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Old 07-29-2013   #81
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Old 07-29-2013   #82
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I have to add my admiration for the work here of tsiklonaut - inspiring and amazing.

Tsiklonaut, did I come across some other amazing work of yours using a Sigma DP1?

Thank you very much for sharing.

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Old 07-30-2013   #83
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tsiklonaut, thank you so much for sharing those pictures, they are nothing but awesome and impressive. This is my favourite thread right now!
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Old 07-30-2013   #84
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The Iguazu SFX rendition is amazing. Please keep them posting, Margus.

I hope you have taken one in colour - because imho, that rainbow would look amazing. Perhaps I can't see it in 'colour' B&W because I'm viewing them on a 13 inch laptop.

Bests,

A
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Old 08-03-2013   #85
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I already posted some comparisons between a Nikon8000 and a drum scanner.
But since we now have this excellent thread (many kudos to the OP!), I'll add some picture here as well.

This is a 645 scan (Provia 100 slide); not my sharpest original, but already demystifies all the web-babbles about Nikon & Co. being more than enough for extracting every detail from film (Nikon on the left, ScanMate 11000 on the right)

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Old 08-03-2013   #86
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Nikon comparison media isn't particulary sharp trannie indeed, but the difference is definitely there. I'm surprised how many "faulty" pixel areas Nikon has. I thought ScanMate creates sometimes those barely noticable little "lines" around sharp highlights at 11K which sometimes annoy me, but those are nothing compared to the faults of Nikon.

I also just got a 645, the Fujifilm GA645i rangefinder. I put through the first roll of film just few days ago and after inspecting those I can tell it definitely beats my Pentax 67 SLR sharpest lenses in terms of detail resolving per same square of film. It probably rivals 67 SLR when you compare the overall info recorded on film frame. Makes my Pentax SLR, which I thought was very decent (and proven the same quality as Hasselblad), look rather soft . Although SLRs have many of their own advantages but if you want particulary those very sharp media for comparisons, a decent rangefinder is a way to go.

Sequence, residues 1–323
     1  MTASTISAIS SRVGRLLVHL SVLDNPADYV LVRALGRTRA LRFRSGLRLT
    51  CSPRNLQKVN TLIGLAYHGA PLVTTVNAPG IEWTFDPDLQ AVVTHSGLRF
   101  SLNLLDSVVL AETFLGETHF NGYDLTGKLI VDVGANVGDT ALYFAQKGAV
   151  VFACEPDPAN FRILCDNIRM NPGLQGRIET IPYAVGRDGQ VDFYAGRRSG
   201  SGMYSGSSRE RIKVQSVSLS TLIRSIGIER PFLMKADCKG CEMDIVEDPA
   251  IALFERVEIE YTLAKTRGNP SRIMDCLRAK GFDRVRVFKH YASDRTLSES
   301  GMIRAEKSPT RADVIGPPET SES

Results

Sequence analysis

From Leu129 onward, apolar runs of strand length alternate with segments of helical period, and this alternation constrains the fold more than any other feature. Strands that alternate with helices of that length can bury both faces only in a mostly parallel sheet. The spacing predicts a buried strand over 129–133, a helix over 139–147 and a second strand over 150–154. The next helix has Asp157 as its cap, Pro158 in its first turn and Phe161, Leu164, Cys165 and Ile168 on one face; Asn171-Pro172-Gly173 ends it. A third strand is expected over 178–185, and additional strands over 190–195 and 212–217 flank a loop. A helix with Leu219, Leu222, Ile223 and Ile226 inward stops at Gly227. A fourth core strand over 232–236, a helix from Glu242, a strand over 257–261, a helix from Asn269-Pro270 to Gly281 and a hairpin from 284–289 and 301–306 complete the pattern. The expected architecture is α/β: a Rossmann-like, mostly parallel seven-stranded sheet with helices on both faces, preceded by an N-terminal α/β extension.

Cheers,
Margus
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Old 08-04-2013   #87
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what about the Imacon 646? is near in terms of quality?
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Old 08-04-2013   #88
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Quote:
Originally Posted by Bruno Gracia View Post
what about the Imacon 646? is near in terms of quality?
IMO Imacons/Hasselblads are very capable scanners for a CCD technology. Mechanically solid: incredibly fast and easy to use compared to any true drum scanner. But the tests I've seen it still doesn't touch elite drum scanners when the latter is calibrated and operated to their actual capability.

Imacon/Hassy "virtual-drum" scanner's biggest downfall is medium format or larger media scanning limits - they're mostly then capped to 3200ppi or less or 2050ppi for 4x5", which in modern times can be a show-stopper for many clients who need larger prints. Drum scanners and even most other high-end flatbed CCD-scanners (Creo, Kodak, Fuji etc) offer better PPI over bigger scanning areas than 35mm film. (Note this is talking about true PPI - don't even try to compare those common Canon, HP or Epson flatbed scanners DPI/PPI specified numbers that are largely ballooned over reality or just flat-out cheated as I've discussed in the first page of this thread). I know many Imacon operators stich scanning MF film as 35mm film in multiple stages to push out more PPI over larger than 35mm formats, but software stiching of different parts creates it's own set of banding/blending and overall geometry problems that can have visible faulty areas or spots later on.

Then comparison-wise if you forget the numbers is the "feel-factor" of the scans - no CCD scanner looks like a well made PMT scan, from smalles details to overall tonality rendering. A well made PMT scans just tend to "feel" better than any high-end CCD, IMHO at least. This can be largely a taste thing, but PMTs just give much more of that "analog-like" rendering to the scanned images.